Clam troubles... no data of use, not reading...   2/21/08 Hi! <Howzit?> I have a newly setup 330g main tank and 70g sump setup in December. As a part of the new tank I migrated from a well established 46 gallon reef tank. I had a maxima clam and a Crocea clam I have kept for over 2 years in my 46g tank. However, last week I lost my Crocea clam and my maxima is fading quickly (clam not opening very wide, sinking mantle, bleaching of mantle). The new tank water quality is kept very clean, stable pH, temp, water parameters are great, salinity 1.025, calcium is a bit low but climbing 350-380. <Alkalinity, Magnesium?> I am dosing every other day w/ DT phyto. <... of not much use in this setting> After the Crocea perished I dosed the maxima in a separate container with tank water and heavy dose of DT phyto, despite this the maxima is still declining quickly. The tank is kept under 1600 watts of (4 x 400w HQI halides). The clam is kept on a flat rock laying in the sand substrate. <... may well need to be elevated...> Given the new tank would you suspect: The maxima clam size is about 4". 1.) The tank is to new and does not contain enough natural phyto and other items in water column needed for health of this clam. <...> 2.) A water quality or chemistry problem. <Possibly> 3.) A light problem <Likely> Thanks for all of your help as always! Bryan <Please read here: http://wetwebmedia.com/tridcacdisf5.htm and the linked files above... You need to know a bunch more... and provide more data... For now, read. Bob Fenner>

Re: clam troubles... lack of nutrient...  2/21/08 Thanks, I did some reading on that URL. <Okay> The maxima perished. Alk is 11 dKH, calc is about 390. ammonia: 0 nitrites: 0: nitrates: barely detectable. I had always thought under halides keeping a clam on the substrate was doable, <Mmmm> I have seen several healthy looking clams in other tanks like this. The tank is 30" tall and the halides are about 7" off the top of the aquarium. I obviously want to figure out what went wrong before buying anything else. <This depth... the light would have to be directly above...> Given the slow decline I didn't speculate it was a pest. <Agreed> The only thing recently I have changed in the tank was the addition of PhosBan media per your teams recommendation. <...! Clams (actually all life... e.g. ADP, ATP...) absolutely require "some" soluble phosphate... This sudden removal may well have been a factor> Within 2 weeks, both clams are gone. Coincidence? <Not likely> I have not tested phosphate prior to this, and I had no reason to believe I had a phosphate problem, I simply added it as a precaution for long term health. <... I would not have done this... there are other, easier means of phosphate limitation, control... Posted on WWM> Is your bet still on light? <Partly... but am hedging/spreading my bets more and more. How about you?> Best Bryan <Bob Fenner>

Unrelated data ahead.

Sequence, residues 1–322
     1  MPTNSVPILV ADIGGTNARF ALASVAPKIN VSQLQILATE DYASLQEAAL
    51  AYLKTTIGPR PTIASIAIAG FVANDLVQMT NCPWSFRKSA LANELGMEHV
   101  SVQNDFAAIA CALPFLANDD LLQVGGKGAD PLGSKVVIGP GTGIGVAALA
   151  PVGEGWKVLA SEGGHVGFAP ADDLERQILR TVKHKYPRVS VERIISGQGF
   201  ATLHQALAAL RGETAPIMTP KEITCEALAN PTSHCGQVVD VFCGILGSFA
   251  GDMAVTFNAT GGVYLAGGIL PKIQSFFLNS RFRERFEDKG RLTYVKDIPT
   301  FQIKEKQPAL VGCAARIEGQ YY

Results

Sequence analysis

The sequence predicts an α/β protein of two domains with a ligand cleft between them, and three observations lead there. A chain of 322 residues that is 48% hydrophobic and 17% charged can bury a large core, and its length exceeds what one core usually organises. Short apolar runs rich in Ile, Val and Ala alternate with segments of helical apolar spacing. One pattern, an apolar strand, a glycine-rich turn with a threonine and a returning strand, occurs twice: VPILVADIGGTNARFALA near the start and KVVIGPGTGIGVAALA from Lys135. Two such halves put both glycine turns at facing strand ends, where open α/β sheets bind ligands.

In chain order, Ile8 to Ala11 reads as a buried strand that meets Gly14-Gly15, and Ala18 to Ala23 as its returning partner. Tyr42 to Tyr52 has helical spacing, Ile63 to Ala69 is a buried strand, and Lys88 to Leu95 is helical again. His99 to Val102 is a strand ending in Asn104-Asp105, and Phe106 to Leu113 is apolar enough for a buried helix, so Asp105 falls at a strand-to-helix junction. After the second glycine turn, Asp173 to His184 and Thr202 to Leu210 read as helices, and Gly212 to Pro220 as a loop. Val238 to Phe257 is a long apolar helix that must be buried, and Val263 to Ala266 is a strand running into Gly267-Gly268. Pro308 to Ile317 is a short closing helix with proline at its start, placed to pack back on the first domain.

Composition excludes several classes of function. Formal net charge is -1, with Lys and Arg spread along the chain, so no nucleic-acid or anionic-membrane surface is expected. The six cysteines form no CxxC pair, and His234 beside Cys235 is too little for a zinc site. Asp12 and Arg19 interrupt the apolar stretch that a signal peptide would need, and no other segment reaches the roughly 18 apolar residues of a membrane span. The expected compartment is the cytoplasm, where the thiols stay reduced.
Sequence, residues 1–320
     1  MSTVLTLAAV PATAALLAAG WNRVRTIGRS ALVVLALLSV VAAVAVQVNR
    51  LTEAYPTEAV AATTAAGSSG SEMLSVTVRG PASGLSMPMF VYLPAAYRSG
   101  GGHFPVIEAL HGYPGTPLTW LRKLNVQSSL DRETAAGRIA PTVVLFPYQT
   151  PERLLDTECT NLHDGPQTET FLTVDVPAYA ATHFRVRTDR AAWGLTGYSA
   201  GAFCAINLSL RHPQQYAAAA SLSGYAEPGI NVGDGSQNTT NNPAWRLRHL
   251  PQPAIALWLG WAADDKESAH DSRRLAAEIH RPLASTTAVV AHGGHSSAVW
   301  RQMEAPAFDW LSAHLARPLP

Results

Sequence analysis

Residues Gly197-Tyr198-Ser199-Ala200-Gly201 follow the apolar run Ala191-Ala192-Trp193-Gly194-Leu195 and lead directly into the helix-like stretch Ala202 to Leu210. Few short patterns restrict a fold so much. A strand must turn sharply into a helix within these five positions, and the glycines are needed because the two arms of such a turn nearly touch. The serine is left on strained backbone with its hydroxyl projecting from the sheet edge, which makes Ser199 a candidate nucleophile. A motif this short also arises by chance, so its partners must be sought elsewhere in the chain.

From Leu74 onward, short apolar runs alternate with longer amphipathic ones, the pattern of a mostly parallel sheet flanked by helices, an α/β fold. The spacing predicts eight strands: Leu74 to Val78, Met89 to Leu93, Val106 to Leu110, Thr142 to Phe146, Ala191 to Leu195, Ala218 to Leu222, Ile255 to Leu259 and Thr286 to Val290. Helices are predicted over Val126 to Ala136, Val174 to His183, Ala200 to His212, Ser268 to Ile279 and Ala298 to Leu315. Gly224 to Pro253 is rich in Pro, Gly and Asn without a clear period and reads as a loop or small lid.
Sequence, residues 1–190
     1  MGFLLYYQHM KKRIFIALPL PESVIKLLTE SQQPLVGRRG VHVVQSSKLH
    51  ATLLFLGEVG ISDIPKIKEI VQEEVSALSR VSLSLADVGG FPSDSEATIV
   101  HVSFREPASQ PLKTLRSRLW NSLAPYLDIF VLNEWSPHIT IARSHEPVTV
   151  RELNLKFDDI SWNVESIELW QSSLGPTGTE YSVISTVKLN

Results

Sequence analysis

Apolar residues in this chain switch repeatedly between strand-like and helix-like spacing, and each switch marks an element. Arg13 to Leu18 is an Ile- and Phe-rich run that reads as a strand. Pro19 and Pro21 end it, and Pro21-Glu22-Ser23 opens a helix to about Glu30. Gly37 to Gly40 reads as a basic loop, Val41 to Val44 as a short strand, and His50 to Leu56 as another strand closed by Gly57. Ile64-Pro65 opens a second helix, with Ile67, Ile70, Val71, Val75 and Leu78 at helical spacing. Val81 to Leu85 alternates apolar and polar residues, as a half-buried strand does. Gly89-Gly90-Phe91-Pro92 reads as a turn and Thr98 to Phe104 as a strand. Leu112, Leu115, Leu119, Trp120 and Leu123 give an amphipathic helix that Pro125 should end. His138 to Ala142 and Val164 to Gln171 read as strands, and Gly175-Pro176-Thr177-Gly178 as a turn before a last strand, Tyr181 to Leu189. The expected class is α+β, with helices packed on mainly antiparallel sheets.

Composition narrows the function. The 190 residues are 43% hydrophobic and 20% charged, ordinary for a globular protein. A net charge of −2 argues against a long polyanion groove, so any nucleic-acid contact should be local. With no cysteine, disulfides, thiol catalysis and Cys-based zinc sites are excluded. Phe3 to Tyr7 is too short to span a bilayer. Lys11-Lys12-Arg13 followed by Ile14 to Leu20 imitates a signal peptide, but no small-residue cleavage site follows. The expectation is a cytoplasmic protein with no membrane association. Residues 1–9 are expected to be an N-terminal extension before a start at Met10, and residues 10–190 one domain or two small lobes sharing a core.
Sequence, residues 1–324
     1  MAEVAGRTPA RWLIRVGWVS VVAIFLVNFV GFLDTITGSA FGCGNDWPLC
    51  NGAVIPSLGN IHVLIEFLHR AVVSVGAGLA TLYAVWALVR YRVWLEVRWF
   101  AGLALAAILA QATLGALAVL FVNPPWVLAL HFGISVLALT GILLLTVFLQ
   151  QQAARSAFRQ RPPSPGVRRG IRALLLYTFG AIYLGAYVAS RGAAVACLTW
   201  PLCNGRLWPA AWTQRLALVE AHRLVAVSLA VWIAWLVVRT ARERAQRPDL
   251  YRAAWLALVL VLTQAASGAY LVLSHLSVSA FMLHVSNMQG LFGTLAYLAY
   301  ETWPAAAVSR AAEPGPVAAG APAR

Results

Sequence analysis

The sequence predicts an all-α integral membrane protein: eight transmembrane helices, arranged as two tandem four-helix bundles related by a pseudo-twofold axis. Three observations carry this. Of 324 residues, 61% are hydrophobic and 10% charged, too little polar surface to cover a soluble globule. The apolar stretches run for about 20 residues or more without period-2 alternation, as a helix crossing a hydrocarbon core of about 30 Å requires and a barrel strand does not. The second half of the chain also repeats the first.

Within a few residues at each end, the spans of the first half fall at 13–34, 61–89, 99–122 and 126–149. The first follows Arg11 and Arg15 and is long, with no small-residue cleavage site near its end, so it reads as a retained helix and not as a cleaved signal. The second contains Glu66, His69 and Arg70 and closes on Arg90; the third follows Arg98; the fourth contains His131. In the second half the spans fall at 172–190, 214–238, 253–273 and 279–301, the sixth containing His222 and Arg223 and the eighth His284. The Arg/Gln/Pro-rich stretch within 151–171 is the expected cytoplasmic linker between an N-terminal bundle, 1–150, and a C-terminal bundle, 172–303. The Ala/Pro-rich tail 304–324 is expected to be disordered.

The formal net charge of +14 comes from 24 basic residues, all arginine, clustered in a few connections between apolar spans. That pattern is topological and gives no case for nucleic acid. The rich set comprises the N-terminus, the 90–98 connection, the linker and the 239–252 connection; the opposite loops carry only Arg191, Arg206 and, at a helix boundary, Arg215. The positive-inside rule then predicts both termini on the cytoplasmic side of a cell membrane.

Clams making a fashion statement? Bleached Tridacnids   9/23/07 Hey Gang :) <Lisa> Here I am again with a question. (big surprise huh?) <Oh yes!> I have 3 crocea clams in my tank. They've been there for about a year. They all had pretty good color until about a month or so ago. Now two of them are completely faded, the biggest has gone from purple to brown. They otherwise seem very healthy. The light has not changed since we upgraded in January to a 520 watt system which provides about 5.7watts per gallon to our 90 gallon Oceanic bowfront. I had the water tested Wednesday at the LFS just to double check my own results, and the quality is excellent (Ph 8.3, nitrates 0 nitrites 0, ammonia 0, phosphate 0). They  didn't test calcium, alkalinity was 13. SG is 1.026. <This all looks okay... except that the clams do actually need some nitrate, phosphate... and some folks speculate even ammonia> So knowing lighting hasn't changed, water quality is excellent (everything else is thriving), what can I do to help my clams regain their color? <More nutrient I believe... What do you feed these Tridacnids?> Thanks again so much, I'm lost without y'all. Lisa <You have read here: http://www.wetwebmedia.com/tridacfdgfaqs.htm and the linked files above? Bob Fenner>